Nehemiah 5:3 “we are mortgaging” This VERB (BDB 786, KB 876 Qal ACTIVE PARTICIPLE) means “to give in pledge.” The common people were being forced to use their ancestral land, even their homes, as surety for a loan.

Nehemiah 5:4 “the king's tax” If food was not the need then governmental revenue was. Persia expected revenue from her provinces (cf. Ezra 4:13) and assessed a land tax.

Nehemiah 5:5 “we are forcing our sons and daughters to be slaves” The writings of Moses allowed Jews in debt to sell themselves as servants, but not slaves (cf. Exodus 21:2-6; Leviticus 25:39-43; Deuteronomy 15:12-18).

Debtors also were forced to use their children as payment to creditors (e.g., Exodus 21:7-11; 2 Kings 4:0; 2 Kings 1:0).

NASB“forced into bondage” NKJV“are brought into slavery” NRSV“have been ravished” TEV, NJB“have already been sold as slaves”

This VERB (BDB 461, KB 460, Niphal PARTICIPLE) means “subdue” (cf. Genesis 1:28), but can mean “assault” (e.g., Esther 7:8). The context already mentioned “slavery,” so this is an intensified attack against selected young women (implication is that they were turned into sex slaves). Brown, Driver, and Briggs (p. 461, VERB kbs #2) says that this term is related to 'gh (cf. Ezekiel 23:11).

Verses 6-13

NASB (UPDATED) TEXT: Nehemiah 5:6-13 6Then I was very angry when I had heard their outcry and these words. 7I consulted with myself and contended with the nobles and the rulers and said to them, “You are exacting usury, each from his brother!” Therefore, I held a great assembly against them. 8I said to them, “We according to our ability have redeemed our Jewish brothers who were sold to the nations; now would you even sell your brothers that they may be sold to us?” Then they were silent and could not find a word to say. 9Again I said, “The thing which you are doing is not good; should you not walk in the fear of our God because of the reproach of the nations, our enemies? 10And likewise I, my brothers and my servants are lending them money and grain. Please, let us leave off this usury. 11Please, give back to them this very day their fields, their vineyards, their olive groves and their houses, also the hundredth part of the money and of the grain, the new wine and the oil that you are exacting from them.” 12Then they said, “We will give it back and will require nothing from them; we will do exactly as you say.” So I called the priests and took an oath from them that they would do according to this promise. 13I also shook out the front of my garment and said, “Thus may God shake out every man from his house and from his possessions who does not fulfill this promise; even thus may he be shaken out and emptied.” And all the assembly said, “Amen!” And they praised the Lord. Then the people did according to this promise.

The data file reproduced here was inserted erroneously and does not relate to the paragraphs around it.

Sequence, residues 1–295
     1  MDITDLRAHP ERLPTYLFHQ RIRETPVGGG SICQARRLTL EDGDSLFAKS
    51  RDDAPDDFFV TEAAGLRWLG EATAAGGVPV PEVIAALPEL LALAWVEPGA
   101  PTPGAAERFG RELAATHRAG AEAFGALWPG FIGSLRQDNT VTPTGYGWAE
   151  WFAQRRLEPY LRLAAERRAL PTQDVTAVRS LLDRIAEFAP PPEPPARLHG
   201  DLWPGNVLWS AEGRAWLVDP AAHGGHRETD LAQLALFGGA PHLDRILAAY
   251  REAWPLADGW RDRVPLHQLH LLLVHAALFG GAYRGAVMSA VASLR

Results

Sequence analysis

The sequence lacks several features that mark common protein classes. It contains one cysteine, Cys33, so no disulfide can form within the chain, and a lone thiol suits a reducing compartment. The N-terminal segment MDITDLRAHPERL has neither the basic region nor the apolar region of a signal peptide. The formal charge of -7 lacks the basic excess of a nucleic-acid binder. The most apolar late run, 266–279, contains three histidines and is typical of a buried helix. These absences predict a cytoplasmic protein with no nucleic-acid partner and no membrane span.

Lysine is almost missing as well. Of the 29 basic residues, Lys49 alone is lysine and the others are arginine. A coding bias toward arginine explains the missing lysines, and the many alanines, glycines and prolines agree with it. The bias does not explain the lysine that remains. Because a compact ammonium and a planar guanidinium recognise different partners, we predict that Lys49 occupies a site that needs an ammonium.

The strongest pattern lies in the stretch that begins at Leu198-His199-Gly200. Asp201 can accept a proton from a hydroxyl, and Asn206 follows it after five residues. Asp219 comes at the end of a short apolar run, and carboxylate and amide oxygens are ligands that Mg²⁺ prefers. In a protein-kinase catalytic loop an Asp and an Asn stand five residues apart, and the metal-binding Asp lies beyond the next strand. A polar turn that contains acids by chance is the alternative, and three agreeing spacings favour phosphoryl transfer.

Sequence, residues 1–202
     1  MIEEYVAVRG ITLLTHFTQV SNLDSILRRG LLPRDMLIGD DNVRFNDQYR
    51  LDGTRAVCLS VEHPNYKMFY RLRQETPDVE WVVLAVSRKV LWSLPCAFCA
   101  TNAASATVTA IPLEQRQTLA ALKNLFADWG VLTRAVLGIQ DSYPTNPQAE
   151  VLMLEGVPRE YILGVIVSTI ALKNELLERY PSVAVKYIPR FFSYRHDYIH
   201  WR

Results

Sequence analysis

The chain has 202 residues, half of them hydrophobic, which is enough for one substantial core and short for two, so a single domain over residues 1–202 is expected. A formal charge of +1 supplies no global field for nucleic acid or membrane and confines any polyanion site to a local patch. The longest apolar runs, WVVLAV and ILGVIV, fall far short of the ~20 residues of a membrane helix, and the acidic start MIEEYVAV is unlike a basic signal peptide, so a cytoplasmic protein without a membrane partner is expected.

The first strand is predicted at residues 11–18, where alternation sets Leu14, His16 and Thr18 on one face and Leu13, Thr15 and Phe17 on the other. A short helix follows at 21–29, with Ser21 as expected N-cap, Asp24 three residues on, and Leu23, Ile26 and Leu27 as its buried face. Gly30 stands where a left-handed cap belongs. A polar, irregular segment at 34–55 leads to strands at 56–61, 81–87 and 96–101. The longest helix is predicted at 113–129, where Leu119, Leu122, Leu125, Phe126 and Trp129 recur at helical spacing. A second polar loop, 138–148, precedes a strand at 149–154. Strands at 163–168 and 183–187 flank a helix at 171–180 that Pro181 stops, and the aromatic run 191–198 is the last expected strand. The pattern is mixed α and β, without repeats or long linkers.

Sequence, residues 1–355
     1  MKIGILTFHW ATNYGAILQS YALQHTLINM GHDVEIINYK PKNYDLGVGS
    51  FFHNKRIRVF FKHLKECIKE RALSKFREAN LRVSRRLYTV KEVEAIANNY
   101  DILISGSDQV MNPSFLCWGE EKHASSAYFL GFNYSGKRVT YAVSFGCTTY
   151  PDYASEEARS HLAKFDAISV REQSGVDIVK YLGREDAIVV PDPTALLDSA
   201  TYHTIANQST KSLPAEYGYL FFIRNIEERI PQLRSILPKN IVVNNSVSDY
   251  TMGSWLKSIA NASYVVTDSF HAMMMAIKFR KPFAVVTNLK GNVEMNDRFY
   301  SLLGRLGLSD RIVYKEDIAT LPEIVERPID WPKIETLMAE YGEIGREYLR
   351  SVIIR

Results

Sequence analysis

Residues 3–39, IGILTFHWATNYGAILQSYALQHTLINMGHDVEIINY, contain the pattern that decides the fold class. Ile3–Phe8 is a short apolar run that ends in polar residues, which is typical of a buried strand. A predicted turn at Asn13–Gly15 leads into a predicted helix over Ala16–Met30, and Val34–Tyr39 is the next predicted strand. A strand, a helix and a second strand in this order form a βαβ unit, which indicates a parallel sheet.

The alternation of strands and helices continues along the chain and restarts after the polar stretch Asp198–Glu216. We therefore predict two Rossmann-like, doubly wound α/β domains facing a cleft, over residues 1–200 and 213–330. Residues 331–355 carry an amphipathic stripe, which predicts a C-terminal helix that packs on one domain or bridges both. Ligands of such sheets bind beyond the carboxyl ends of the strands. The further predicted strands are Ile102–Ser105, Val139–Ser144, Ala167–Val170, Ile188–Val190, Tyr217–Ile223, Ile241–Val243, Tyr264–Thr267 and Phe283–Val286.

Nehemiah 5:6 “outcry” This is a different term (BDB 277) from Nehemiah 5:1, but it is related (cf. Nehemiah 9:9). Nehemiah was extremely angry at these accusations and exploitations by the wealthy Jews. He himself was a wealthy Jew, but he did not take advantage (cf. Nehemiah 10:14-19).

Nehemiah 5:7 “I consulted with myself” If mlk is taken in its Aramaic sense (cf. Daniel 4:24) then this is an idiom for “thought carefully” (BDB 576 III, KB 591, Niphal IMPERFECT); if in the Hebrew sense of mlk then “I controlled my feelings” (BDB 573 II, cf. REB).